Lewis Hamilton has converted his pole position into a comfortable victory at the Hungarian Grand Prix to take a sizable championship lead into the midseason break.
The Briton was never really threatened throughout the race despite being challenged briefly by title rival Sebastian Vettel, who was using a different strategy, paving the way for the reigning world champion to claim a record sixth victory in Budapest and start his summer break with a 24-point lead.
“What a beautiful day!” he said. “An amazing job from the team.
“We came here knowing Ferrari would be really quick this weekend, but we’ll take these points as a big bonus.”
Hamilton and teammate Valtteri Bottas had locked out the front row of the grid during wet qualifying on Saturday, but Ferrari had the faster car in the dry, turning the race into an afternoon of strategic attrition.
Ferrari pair Kimi Raikkonen and Sebastian Vettel started from third and fourth, and though Vettel swept around the outside of Raikkonen at turn two on the first lap, the race was decided by Kimi and Valtteri as much as it was Vettel and Hamilton.
The top four got away to a clean start, with the only movement other than Vettel’s move on Raikkonen coming further back when Max Verstappen climbed up two places, from seventh to fifth, to make himself a factor in the battle for the podium — until on lap six his car slowed with a power unit problem, forcing him to park by the side of the track and retire from the race.
Verstappen’s teammate, Daniel Ricciardo, was also on the move, starting from 12th and charging up the field in short order, joining the top 10 by lap 11 and attaching himself to the back of the frontrunners in fifth by lap 27.
By the time he reached them, however, the strategy game had begun unfolding without him. Raikkonen had been brought into the pits for an early tyre change on lap 15 in an attempt to push Mercedes into doing the same with the second-placed Bottas, which the German marque duly did on the following lap.
With Bottas out of the way, Vettel was free to push to close the gap to Lewis Hamilton, which had ballooned to more than eight seconds. The Ferrari driver made some small gains early, but the Briton stabilised his margin at around 6.5 seconds before making his stop at the end of lap 25 for new soft-compound tyres.
That left Vettel in the lead, but with Hamilton behind him on fresher rubber the Ferrari driver was unable to build a gap over his championship rival.
Hamilton kept the new leader honest, holding the gap at around 10 seconds, until Vettel made his own stop at the end of lap 39, switching to the grippiest ultrasoft tyres.
But the Ferrari mechanics had trouble with the left-front wheel which, combined with time he lost in traffic in the laps before the stop, lost Vettel a place not only to Hamilton but to Bottas in third as well, resetting the competitive order to where it was on the first lap.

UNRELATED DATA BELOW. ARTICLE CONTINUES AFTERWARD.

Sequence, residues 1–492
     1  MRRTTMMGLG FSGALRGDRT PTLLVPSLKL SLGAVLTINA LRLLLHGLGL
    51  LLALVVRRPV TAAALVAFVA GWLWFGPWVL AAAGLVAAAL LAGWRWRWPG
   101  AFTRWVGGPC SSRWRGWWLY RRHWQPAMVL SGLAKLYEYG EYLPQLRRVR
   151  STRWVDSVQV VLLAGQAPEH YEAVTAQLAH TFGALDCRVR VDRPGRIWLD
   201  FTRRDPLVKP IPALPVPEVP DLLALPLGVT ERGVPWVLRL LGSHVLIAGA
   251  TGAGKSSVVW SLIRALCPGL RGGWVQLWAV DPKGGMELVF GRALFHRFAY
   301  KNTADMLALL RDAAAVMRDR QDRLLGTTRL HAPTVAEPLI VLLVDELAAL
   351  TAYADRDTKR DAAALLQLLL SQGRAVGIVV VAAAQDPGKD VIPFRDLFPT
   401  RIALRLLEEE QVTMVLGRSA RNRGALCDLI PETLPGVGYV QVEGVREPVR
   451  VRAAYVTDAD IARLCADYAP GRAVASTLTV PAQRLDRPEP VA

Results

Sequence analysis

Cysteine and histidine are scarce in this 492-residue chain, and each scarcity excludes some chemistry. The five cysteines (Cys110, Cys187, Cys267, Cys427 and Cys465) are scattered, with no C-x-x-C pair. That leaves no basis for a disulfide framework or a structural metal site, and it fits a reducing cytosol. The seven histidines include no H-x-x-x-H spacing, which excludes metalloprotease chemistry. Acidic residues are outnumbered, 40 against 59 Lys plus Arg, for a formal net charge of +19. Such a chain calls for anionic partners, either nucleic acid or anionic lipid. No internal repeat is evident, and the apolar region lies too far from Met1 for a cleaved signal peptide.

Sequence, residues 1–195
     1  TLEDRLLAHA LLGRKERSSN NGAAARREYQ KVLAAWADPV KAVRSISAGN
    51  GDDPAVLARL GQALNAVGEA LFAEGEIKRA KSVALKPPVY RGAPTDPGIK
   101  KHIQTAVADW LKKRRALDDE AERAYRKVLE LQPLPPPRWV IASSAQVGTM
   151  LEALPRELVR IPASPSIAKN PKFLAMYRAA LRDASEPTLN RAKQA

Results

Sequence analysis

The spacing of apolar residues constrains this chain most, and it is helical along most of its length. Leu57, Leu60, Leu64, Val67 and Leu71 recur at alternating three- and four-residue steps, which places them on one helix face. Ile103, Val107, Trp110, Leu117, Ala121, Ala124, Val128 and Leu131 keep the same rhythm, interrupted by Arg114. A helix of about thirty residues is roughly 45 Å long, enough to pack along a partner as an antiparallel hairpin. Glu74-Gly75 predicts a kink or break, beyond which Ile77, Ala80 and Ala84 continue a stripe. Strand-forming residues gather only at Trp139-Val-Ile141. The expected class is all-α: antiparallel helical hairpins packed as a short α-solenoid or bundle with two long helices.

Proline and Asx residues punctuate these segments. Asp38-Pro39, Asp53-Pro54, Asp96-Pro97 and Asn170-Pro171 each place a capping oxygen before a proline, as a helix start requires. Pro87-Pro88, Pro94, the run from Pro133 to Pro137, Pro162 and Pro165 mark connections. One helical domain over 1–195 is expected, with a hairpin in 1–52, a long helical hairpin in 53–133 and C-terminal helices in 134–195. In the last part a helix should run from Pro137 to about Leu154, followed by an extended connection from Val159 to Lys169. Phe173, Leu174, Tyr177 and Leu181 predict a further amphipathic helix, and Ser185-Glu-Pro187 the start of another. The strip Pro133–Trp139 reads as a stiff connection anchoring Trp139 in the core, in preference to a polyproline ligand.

Initially, even with the ultrasoft tyres, Vettel was unable to make an impression on the immovable Bottas, who defended superbly despite being shod with the slower tyre well in excess of its life expectancy, but by lap 65 the degradation of his soft-compound rubber was too significant, and Vettel made a move at the end of the straight.
The pair ran side by side out of turn one and into turn two, and as Vettel swept around the outside of turn two, Bottas touched the Ferrari’s rear tyres, shedding some of his Mercedes’s front wing and losing third place to Kimi Raikkonen in the process.
“It was a tough race,” Vettel said. “Obviously we were a little bit out of position for the speed that we had.
“It was tricky knowing when to come in [to the pits]. Obviously we had a little bit of an issue with the pit stop.
“P2 was not really what we wanted this weekend, but I think it was the maximum we could do today.”
Raikkonen agreed that his team had achieved its maximum in the circumstances.
“I think it was the best we could hope today,” he said. “At least we got one place back.
“Fa from ideal — I think we had pretty good speed today — but what can you do? Sometimes it’s like that.”
Bottas, now fading fast, next came under attack from Daniel Ricciardo, who launched a move for fourth place around the outside of turn one on lap 68, but the Mercedes, almost completely out of grip, understeered into the side of the Red Bull Racing car, picking up more front wing damage.
Ricciardo rallied to have another attempt on Bottas on the final lap, getting the job done at turn one and dropping the Finn to fifth.
Pierre Gasly finished a superb sixth for Toro Rosso, losing only one place on his starting position to the substantially faster Ricciardo and never allowing himself to be pursued by the following Haas of Kevin Magnussen, who finished seventh.
Fernando Alonso finished eighth thanks to a slick tyre strategy by his McLaren team to get him ahead of Carlos Sainz and Romain Grosjean in ninth and 10th.